What Ms. Bickel did in "Divided Memories" is not just sloppy journalism. By saying what she did on "Media Matters" -- ironically, a show aimed at examining the media -- she has perpetuated a fraud on your viewers. It is difficult enough to believe that in thirteen months of research Ms. Bickel did not "find" any of the cases that my Research Assistant located in a few hours. But even if her research was that bad, the producers of this show knew about my case and did not even bother to conduct a telephone interview. It appears to me that this is journalism at its worst: ignoring contrary evidence, jumping to conclusions, and then lying about the breadth and depth of the investigation. It was not "impossible" for Ms. Bickel to find corroborated cases - she was so uninterested in finding them that she didn't even follow-up on a most promising lead.
Ms. Bickel fights extremism with extremism. She exposes the horror of the assuming that virtually all claims of recovered memory are true; but in doing so she falls into the equally horrendous position that all cases must be false -- as if her first argument somehow depended on this. Her position is far more extreme than that held by most of the "Science Advisory Board" of the False Memory Syndrome Foundation! But that is a subtlety that eludes Ms. Bickel, who spent months examining the organization.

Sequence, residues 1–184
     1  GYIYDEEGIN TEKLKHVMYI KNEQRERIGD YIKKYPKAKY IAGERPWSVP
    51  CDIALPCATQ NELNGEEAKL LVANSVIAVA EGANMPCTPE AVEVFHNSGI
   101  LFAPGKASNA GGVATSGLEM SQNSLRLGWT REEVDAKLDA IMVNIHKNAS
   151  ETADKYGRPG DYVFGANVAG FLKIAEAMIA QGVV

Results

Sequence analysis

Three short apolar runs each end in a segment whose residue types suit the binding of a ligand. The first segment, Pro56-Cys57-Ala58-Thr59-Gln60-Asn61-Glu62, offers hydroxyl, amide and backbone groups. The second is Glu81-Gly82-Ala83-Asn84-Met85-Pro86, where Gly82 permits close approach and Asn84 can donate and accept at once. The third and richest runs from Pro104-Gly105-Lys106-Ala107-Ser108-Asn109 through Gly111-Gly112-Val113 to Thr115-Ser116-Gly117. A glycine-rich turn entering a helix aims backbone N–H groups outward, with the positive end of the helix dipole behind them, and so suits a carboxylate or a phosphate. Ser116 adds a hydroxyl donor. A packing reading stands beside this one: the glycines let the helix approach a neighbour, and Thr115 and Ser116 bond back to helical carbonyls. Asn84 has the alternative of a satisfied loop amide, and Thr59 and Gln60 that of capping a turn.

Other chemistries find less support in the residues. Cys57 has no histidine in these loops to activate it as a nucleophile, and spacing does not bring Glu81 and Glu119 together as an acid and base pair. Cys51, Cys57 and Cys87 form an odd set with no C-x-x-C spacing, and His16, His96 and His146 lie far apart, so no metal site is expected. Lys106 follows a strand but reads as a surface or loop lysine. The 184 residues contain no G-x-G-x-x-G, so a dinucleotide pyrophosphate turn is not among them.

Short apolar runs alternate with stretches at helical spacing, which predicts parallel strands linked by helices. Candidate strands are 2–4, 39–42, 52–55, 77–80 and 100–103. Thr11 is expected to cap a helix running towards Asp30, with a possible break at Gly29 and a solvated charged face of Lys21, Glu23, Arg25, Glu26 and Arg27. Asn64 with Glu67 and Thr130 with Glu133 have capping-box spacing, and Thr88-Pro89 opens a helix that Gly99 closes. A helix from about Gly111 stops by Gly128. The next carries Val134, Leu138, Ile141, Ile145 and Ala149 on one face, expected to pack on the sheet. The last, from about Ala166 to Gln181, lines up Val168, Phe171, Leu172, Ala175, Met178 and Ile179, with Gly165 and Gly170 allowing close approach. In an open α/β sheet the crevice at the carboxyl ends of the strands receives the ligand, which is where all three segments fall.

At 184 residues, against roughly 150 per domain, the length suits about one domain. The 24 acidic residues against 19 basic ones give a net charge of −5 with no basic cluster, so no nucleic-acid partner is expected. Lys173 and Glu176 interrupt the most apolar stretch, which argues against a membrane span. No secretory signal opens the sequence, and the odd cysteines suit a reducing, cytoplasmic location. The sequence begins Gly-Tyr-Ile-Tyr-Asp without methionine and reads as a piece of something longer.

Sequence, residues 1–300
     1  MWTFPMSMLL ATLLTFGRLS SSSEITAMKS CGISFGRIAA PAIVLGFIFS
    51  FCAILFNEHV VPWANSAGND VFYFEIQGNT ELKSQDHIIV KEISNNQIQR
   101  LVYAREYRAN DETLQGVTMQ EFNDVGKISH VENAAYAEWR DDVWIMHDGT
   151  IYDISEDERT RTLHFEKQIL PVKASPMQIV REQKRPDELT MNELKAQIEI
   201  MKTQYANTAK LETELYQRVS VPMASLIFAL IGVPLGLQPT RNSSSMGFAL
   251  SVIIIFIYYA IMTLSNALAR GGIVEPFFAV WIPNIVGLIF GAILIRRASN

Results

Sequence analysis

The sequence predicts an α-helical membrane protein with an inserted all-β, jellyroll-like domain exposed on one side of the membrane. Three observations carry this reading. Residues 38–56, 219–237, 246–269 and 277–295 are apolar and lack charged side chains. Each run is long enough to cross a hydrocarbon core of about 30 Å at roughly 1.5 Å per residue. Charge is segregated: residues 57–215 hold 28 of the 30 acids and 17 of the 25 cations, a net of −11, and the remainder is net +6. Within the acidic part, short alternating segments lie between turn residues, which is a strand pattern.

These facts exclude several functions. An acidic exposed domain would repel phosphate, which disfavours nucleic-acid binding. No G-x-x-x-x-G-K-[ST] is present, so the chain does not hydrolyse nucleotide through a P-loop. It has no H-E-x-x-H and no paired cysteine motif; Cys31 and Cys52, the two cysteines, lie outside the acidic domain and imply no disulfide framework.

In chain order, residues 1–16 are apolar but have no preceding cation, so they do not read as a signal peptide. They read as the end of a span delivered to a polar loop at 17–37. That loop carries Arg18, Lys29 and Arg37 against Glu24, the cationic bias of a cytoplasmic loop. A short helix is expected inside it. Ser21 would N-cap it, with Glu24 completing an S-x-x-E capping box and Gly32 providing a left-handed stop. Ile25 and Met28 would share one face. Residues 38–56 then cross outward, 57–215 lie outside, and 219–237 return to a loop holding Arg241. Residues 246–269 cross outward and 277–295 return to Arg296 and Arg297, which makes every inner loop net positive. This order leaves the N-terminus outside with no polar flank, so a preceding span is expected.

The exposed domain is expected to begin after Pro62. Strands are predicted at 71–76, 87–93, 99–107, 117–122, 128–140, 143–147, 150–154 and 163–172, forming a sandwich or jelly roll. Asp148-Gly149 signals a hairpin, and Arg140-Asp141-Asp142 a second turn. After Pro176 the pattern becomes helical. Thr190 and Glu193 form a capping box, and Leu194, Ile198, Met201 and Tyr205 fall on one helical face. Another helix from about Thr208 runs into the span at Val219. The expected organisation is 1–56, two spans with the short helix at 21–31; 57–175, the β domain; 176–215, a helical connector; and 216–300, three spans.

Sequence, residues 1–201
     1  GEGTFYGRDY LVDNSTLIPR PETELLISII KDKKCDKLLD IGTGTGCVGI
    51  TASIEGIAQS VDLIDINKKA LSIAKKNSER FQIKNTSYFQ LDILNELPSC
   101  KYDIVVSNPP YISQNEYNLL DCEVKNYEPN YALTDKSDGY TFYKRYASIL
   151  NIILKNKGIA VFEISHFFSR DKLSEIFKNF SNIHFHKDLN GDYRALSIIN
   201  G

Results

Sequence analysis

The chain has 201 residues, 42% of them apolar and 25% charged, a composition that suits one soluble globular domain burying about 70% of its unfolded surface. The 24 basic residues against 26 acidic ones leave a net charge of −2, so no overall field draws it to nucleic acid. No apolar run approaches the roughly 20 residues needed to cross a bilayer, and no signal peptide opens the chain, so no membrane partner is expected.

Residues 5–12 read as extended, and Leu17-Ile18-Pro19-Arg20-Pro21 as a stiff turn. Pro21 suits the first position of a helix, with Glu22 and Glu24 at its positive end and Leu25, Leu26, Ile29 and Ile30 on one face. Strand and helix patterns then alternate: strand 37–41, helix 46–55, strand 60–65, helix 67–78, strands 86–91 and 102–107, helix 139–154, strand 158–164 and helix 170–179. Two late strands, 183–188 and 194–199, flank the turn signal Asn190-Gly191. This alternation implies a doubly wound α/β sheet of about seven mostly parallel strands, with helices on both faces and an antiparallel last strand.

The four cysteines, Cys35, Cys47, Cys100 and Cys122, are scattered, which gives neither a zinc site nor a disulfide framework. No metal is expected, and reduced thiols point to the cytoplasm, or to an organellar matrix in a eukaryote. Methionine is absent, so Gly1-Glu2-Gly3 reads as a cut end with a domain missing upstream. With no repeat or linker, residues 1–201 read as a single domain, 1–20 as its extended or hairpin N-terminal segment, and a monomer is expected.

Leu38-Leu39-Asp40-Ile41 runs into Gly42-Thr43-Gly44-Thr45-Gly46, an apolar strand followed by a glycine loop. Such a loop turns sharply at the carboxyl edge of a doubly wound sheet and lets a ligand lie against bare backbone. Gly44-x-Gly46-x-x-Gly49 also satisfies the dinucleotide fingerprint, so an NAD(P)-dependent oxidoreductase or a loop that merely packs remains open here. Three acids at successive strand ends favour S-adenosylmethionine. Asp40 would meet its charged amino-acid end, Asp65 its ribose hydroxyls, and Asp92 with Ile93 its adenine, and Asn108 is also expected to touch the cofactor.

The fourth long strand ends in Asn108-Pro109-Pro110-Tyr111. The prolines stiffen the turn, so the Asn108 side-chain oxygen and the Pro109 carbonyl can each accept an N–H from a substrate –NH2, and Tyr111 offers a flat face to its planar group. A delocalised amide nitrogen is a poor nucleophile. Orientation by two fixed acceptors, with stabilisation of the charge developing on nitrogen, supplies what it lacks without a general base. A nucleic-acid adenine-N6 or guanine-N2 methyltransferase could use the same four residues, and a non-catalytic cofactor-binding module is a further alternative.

Ms. Bickel told another reporter in April: "I don't really care if there is such a thing as repressed memory or not -- after a while, I put that argument behind me." (Mark Sauer, "Repressed Memory Case a War Zone," San Diego Union-Tribune, April 11, 1995) How long, I wonder, did Ms. Bickel spend investigating this issue before she lost interest? And what are we to conclude about the editorial judgment of someone who "doesn't really care" about the answer to a central question posed in her own documentary?
Why didn't Ms. Bickel give her viewers the benefit of just one or two of the corroborated cases mentioned above? Did her "investigation" into the matter really satisfy the journalistic standards of public television? Don't PBS viewers deserve to know the real story behind Ms. Bickel's failure to include corroborated cases in her program?
I look forward to your response.
Ross E. Cheit
[Public Policy & Political Science